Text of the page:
Take the above belt, for example. It’s from a webpage Mister Freedom made for their “Ranchero shirts,” which are lovely, but the star of the photograph - at least for me - is the belt sitting in the middle. The variation in the coloring, the scuffing, and the scored design give the belt a certain appeal that modern workwear brands only imitate.
You can find such belts if you hunt around enough. Just visit good thrift stores or flea markets (in the Bay Area, I’d highly recommend Antiques by the Bay, which happens on the first Sunday of every month. Not only do they have a few vendors that sell vintage belts, but there are a ton of other great booths for vintage wares as well). There’s also eBay, of course, but that gets slightly dicier. Vintage leather goods can be of varying quality - either because of the quality of the leather itself, or because of how the item was taken care of throughout the years. Without being able to handle the belt, and without a brand name to go off of, it can be difficult to know what you’re looking at. Still, some of these are quite affordable, so if you get stuck with something less than ideal, it’s at least not a big loss.
The alternative is to buy something new, but from a brand that takes it inspiration from old, vintage designs. RRL and Levi’s Vintage Clothing often have tooled or painted belts that are made to look like they’re from the mid-century. You can find them at workwear-focused stores such as Hickoree’s and Unionmade. They won’t have the kind of patina that an authentic vintage belt will carry, but they’re often still quite handsome. With enough wear, you might get it to look as nice as the one Christophe Loiron (owner of Mister Freedom) photographed above (though, probably not, because that belt looks really awesome).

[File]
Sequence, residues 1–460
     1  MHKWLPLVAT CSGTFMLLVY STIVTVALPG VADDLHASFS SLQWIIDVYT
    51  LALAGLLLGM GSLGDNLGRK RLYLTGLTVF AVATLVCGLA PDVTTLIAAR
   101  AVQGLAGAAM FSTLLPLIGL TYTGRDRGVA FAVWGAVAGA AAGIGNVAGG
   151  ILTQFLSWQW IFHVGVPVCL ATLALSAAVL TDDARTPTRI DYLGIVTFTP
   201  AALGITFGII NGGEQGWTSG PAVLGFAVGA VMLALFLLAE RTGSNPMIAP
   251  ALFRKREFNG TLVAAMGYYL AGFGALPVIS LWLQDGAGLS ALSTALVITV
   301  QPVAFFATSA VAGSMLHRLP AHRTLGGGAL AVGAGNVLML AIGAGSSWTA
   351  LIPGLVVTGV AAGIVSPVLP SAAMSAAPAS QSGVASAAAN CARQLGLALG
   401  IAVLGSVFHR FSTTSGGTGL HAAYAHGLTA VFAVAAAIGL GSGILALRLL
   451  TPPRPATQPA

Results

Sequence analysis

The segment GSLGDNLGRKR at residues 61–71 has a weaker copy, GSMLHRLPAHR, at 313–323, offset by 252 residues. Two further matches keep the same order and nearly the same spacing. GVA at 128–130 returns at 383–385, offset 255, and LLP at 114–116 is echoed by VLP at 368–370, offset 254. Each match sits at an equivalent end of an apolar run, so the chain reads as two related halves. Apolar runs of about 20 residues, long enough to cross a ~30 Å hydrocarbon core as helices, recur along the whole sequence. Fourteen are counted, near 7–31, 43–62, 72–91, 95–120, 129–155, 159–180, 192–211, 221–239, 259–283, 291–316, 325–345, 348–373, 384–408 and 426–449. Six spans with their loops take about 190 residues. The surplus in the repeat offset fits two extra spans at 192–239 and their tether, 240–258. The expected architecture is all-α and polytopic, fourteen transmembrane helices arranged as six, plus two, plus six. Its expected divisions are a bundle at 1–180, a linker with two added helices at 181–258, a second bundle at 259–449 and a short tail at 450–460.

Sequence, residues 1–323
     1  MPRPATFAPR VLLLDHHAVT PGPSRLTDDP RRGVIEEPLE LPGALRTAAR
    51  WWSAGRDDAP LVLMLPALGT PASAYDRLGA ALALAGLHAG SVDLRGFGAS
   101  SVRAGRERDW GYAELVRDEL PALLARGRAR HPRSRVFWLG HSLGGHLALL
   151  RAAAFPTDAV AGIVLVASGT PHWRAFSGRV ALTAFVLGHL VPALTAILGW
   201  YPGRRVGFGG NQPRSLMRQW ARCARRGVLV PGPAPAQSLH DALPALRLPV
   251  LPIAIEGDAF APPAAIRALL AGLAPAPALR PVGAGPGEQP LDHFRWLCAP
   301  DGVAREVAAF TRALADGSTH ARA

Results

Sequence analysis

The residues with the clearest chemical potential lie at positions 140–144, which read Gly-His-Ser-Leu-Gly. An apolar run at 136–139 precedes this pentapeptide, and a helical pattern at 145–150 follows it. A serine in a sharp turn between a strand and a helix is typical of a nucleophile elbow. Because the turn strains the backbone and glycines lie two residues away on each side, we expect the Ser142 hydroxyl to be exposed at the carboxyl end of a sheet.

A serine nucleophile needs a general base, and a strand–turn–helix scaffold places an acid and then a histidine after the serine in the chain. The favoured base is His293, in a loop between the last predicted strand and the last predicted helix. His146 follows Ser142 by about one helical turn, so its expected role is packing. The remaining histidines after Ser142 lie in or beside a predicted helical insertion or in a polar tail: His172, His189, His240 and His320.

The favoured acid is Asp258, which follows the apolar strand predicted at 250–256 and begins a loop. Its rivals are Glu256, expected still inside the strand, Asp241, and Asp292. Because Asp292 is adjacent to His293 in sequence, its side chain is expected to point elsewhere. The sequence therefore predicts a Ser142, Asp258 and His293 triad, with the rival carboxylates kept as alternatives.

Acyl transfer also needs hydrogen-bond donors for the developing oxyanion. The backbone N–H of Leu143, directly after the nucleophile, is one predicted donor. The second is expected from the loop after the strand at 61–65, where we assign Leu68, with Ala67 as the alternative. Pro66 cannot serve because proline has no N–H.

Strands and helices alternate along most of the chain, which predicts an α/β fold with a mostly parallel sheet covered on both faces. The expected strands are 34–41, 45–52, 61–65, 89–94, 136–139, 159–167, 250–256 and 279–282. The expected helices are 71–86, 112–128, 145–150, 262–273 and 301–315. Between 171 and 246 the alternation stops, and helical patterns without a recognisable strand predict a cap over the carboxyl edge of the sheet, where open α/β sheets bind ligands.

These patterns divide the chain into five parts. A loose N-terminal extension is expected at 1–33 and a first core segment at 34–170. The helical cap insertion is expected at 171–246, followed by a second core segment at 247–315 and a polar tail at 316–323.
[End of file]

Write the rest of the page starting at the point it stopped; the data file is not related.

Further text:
(Photo via Christophe Loiron)
"Will someone please wake me when the cavalcade of Pitti photos is over?"

Listen, I know that I am a hopelessly commercially minded country ass fop. But I don’t even know what Pitti is. The Urban Ironic Angsters might say that “if you don’t know what Pitti is, then you don’t need to know” Ok, fair enough.

If Pitti is a trade show where vendors actually take orders and designers have mini-fashion shows etc then I think I get it. But all that we outsiders see are a bunch of skinny jeaned androgynous fops primping. And sun damaged (more than my bad case of it) older guys with zoot suit watch chains and Thom Brown short hemmed britches and pocket hankies spouting out like Southern azaleas in bloom.

The other sense I get is that everyone who is walking from one event to the next…or who gather in little five to six person gaggles to shoot the shit and compare whatevers…IS TRYING TO HARD. It’s like they are hoping Scott Schuman (sp) from The Sartorialist is gonna pop up any minute to photograph them and they’ve GOT to be…READY.

And finally, do you have to smoke cigarettes to gain admission to the thang? 

(via to-the-manner-born)

It is a damn pity alright.

(via preppybythegraceofgod)

Will someone please wake me when the cavalcade of Pitti photos begins? 

Apologies for the glibness, but I thought that this was an interesting post and deserved perhaps, a contrasting response. Mine is fairly simple, but I think it warrants merit. I’d also lead with the sense that these opposing camps may not get together any time soon, but let us bring forth the debate regardless.